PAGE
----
Anarchism is not an historical concept or a political theory, it is a way of conceiving life, ‘a stake we must play day after day’, and we do not consider history the foundation – or ‘making history’ the aim – of our action. Nevertheless anarchists have a rich and passionate past, or rather heritage, which only becomes ours when encountered through our own confrontation with authority and domination. Far from the tedium of scholastic tomes, the lives of past comrades, their ideas, their methods and their actions, their struggle and its consequences (often imprisonment and even death), are alive and have a significance for us today as we try to struggle against the conditions of post-industrial capital. For that reason we have also published and will continue to publish texts by or about anarchists and rebels of the past who still have much to say today when encountered through a dimension of an exchange of ideas and experience between reader and writer.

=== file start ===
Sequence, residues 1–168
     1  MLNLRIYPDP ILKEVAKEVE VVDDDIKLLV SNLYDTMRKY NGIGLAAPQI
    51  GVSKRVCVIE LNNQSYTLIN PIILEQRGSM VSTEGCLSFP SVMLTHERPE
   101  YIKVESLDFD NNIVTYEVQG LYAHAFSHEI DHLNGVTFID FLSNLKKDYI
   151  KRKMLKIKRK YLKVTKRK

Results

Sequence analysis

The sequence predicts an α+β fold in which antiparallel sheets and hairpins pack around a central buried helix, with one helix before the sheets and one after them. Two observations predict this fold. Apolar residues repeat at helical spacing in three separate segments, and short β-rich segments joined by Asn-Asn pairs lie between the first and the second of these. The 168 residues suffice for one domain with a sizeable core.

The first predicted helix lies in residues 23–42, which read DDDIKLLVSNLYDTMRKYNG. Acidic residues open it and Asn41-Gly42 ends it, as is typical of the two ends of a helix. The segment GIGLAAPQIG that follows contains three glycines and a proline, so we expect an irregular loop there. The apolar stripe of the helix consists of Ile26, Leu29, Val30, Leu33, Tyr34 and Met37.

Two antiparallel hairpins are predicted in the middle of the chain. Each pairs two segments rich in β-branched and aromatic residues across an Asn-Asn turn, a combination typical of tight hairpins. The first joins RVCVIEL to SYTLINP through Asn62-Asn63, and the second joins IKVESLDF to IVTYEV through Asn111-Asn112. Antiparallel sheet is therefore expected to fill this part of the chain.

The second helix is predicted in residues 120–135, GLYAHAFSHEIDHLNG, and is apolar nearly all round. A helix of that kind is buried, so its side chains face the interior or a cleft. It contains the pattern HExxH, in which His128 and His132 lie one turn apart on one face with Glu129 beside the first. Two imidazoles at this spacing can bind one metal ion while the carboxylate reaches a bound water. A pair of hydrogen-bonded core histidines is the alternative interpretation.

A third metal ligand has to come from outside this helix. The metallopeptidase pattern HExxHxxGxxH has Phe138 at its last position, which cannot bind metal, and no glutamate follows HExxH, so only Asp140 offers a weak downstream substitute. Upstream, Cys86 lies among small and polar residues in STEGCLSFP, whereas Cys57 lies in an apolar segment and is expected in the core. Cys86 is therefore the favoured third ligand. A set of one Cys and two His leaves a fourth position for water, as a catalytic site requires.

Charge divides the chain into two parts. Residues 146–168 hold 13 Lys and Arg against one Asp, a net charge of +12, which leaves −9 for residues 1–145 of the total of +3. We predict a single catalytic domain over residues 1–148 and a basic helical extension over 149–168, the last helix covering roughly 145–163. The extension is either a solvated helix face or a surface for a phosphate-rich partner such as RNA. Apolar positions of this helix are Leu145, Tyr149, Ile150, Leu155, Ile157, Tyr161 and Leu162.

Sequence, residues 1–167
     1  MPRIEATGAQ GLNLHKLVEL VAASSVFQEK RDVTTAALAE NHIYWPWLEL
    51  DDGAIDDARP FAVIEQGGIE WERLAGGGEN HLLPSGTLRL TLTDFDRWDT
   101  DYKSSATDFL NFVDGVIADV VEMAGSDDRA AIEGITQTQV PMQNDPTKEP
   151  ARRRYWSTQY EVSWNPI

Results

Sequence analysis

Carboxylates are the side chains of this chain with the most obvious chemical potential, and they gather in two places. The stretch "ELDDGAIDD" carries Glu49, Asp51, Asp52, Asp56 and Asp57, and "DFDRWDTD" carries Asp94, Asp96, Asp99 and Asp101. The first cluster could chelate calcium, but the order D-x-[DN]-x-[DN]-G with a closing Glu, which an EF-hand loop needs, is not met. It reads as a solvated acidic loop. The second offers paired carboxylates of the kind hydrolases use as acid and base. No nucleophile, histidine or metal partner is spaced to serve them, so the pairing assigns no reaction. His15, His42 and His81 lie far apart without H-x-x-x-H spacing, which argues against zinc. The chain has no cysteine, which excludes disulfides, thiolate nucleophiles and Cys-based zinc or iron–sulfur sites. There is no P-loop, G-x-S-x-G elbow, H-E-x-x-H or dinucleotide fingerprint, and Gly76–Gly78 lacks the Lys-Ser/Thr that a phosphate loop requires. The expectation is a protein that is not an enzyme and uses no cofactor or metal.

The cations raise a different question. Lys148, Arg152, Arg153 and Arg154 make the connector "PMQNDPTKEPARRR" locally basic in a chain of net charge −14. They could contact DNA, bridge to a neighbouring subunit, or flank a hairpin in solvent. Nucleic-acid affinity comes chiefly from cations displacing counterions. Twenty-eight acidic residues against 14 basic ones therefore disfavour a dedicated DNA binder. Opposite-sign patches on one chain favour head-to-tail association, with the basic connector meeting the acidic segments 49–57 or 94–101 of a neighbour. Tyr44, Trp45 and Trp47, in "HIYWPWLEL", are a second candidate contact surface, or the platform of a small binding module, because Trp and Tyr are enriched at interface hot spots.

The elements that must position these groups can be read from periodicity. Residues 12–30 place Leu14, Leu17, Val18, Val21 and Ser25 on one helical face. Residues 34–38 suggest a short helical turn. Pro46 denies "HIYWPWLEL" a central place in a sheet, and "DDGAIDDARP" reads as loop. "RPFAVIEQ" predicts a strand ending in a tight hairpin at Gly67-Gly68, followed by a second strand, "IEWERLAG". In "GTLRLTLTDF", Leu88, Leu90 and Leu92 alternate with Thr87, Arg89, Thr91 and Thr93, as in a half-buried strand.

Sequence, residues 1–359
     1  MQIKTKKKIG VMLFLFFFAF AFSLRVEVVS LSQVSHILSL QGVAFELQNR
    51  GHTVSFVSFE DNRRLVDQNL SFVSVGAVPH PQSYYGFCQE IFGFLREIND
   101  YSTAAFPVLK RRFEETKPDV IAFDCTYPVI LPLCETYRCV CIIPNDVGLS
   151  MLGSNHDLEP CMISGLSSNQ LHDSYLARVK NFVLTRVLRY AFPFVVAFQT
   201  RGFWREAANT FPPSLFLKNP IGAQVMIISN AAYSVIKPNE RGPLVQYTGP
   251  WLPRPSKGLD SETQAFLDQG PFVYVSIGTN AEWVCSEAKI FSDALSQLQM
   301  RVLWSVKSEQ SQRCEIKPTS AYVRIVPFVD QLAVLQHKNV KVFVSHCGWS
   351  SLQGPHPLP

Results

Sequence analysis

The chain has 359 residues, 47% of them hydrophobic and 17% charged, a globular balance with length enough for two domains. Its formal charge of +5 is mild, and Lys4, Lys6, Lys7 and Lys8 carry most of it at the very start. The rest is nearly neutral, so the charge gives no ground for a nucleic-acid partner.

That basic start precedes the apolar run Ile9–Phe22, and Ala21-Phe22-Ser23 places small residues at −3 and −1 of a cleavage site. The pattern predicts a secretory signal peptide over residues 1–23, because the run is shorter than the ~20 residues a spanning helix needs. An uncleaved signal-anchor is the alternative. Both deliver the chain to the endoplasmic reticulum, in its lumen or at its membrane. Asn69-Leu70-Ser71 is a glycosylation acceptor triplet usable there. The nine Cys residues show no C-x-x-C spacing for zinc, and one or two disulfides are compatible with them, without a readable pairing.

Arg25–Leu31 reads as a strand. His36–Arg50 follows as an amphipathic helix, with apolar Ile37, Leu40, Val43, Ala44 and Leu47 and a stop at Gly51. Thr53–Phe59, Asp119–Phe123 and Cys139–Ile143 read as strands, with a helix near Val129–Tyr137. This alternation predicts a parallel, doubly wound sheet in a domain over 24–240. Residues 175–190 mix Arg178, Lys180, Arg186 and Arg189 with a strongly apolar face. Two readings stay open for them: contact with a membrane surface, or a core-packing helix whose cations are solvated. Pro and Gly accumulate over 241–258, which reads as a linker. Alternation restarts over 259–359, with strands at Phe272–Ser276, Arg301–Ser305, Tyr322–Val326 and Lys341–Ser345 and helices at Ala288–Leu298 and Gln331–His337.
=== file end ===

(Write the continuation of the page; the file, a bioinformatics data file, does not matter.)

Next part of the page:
So Elephant Editions is simply a collection of texts, a contribution to the great cauldron of dreams, ideas and experimentation for those who have decided to make their desires reality, now, without delay.
Negazine no. 1 / 2017
A new journal published by anarchists
When reading the following pages it would be well to put everything that we already know about technology aside. Indeed, what knowledge or hypothesis passed off as certainty makes up the scientific aspect of technology? Not much.
Negazine is not an easy read. On the contrary, reading it requires a certain level of effort and the will to put oneself on the line. And it couldn’t be otherwise, given the subjects it goes into. Negazine offers neither certain answers nor slogans to write on the next wall.
The main theme (but not the only one) of this first issue is technology. The central point of the discussion is the difference between the various techniques (the single capitals and the techniques that they develop, often in conflict with each other) and technology as such, which is an anonymous process devoid of a centre, a process that is continually eroding reality and replacing it with virtual pre-confectioned surrogates.